High-Growth Startups = Higher Pay in 2015 and Beyond
Last year, Rev1 Ventures client companies added 160 new jobs. That’s a record to celebrate.
Want another reason to ring the bell? The average annual salary of those jobs was $75,000, significantly greater than the state average of about $43,000.
It’s a fact. High growth companies create high paying jobs that require technical skills.
A flair for technology runs through our client companies.
Rev1 Ventures clients are creating advanced products and services for diverse industries—IT, advance manufacturing, healthcare, media, and consumer products to name just a few.
There’s always a technology component—from original patents held by the company founder, to intellectual property licenses spun out of a research environment in a university or medical institution, to a new solution that combines existing technologies or processes in a new and unique way.
Jobs in STEM (science, technology, engineering, and math) ARE PROJECTED TO GROW 45% IN THE DECADE ENDING IN 2018. -US BUREAU OF LABOR STATISTICS
Businesses built on technology require deep technical experts—engineers, software programmers, and chemists. And there’s something we’ve noticed about the people in our portfolio companies whose jobs aren’t as directly related to building technology.
They like technology. They can describe their company’s technical solutions in terms that their customers understand. They like using it in their jobs. And whether they have engineering degrees or some other expertise, they are problem-solvers. The embrace trial and error. They aren’t afraid to fail on the path to getting it right.
We informally asked nine of our clients—companies with paying customers of their own– about their anticipated hiring plans for 2015.
Here’s what they said:
- Software developers, programmers 12+
- Customer service +5-7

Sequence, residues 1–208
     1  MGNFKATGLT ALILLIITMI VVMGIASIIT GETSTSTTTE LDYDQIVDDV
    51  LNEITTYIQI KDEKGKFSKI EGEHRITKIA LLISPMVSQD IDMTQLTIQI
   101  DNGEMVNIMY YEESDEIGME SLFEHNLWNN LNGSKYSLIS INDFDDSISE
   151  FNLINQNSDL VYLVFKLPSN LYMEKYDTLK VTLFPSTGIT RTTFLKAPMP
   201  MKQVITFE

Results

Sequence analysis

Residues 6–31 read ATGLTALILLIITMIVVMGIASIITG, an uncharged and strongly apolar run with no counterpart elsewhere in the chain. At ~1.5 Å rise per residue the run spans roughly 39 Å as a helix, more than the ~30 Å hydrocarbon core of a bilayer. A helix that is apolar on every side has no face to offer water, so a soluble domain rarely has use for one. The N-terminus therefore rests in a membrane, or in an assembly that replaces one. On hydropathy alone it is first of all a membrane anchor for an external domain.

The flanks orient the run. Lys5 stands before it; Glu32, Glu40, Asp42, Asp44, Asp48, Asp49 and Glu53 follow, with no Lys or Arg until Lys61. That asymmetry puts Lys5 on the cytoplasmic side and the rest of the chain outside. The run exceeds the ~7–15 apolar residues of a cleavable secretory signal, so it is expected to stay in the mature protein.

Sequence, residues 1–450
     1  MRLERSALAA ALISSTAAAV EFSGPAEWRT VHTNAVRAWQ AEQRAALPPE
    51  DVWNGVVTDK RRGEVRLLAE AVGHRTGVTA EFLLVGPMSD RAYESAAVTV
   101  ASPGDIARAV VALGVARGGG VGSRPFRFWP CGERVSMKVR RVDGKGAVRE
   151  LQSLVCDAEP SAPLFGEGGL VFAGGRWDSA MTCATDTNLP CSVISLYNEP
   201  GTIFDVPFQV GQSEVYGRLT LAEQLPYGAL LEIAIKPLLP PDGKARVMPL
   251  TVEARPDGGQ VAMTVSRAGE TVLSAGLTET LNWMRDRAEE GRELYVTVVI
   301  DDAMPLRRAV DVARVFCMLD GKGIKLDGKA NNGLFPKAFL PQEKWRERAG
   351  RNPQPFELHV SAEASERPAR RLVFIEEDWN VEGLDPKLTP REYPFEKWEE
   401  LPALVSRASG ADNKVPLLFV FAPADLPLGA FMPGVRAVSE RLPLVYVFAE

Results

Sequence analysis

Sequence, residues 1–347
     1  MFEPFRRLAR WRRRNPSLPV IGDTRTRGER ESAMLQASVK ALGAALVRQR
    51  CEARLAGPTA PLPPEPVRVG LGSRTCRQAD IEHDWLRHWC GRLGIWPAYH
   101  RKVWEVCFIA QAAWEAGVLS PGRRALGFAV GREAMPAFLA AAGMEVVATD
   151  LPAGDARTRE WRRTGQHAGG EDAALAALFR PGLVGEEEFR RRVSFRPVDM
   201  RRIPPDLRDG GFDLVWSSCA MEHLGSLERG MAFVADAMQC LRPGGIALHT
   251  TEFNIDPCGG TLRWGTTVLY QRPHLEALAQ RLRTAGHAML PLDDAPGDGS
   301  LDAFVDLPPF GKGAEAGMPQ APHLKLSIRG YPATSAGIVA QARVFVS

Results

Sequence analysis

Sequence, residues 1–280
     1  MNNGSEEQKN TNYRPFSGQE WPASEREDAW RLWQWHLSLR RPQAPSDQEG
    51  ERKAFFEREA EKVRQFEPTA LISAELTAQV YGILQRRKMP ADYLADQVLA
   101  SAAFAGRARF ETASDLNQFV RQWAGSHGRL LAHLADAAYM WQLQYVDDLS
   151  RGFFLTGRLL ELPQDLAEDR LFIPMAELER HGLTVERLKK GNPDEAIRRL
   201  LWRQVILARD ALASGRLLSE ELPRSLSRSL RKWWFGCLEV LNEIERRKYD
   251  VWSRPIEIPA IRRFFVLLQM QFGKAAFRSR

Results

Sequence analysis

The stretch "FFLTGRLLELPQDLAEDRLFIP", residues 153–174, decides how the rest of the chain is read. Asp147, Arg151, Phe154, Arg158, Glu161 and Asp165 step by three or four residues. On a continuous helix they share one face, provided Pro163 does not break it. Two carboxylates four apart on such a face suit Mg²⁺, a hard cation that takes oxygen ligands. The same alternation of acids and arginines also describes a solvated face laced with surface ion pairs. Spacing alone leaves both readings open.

- Marketing/Business development +3-5
- Sales/sales management +3-5
- Business Analyst +3
- Quality +1
- CFO +1
- Data Scientist +1
Total: 29-35 new full-time jobs from just 9 new Central Ohio companies.
Add to this, these firm’s outlook for internships–10 to 15 positions in graphic design, research, photography, and sales and marketing—and the case for the economic impact of innovation and entrepreneurship grows.
Hiring by startups is cause for optimism.
When a startup starts adding people, it’s a big deal.
Well-managed startups, even those that are chalking up revenue, are very deliberate and careful before they post an opening and begin interviewing for the next critical hire.
First, all young companies are strapped for resources from budgets for salaries to hours in the day to hire and train, to the startup’s pool of early stage options, often such a key element to the hiring strategy.
Second, taking on employees is a big responsibility. It’s one thing for a founding entrepreneur to risk his or her personal savings, salary, and career advancement.
It’s even weightier when that entrepreneur hires people who will then be contributing to and depending on the company as a way to earn a living for themselves and their families.
So when growing startup companies start adding jobs, we celebrate it as a positive indication that innovation ecosystem here in Central Ohio is taking hold in a very strategic way.
This is what the innovation economy is all about. It’s why we do what we do—job and wealth creation.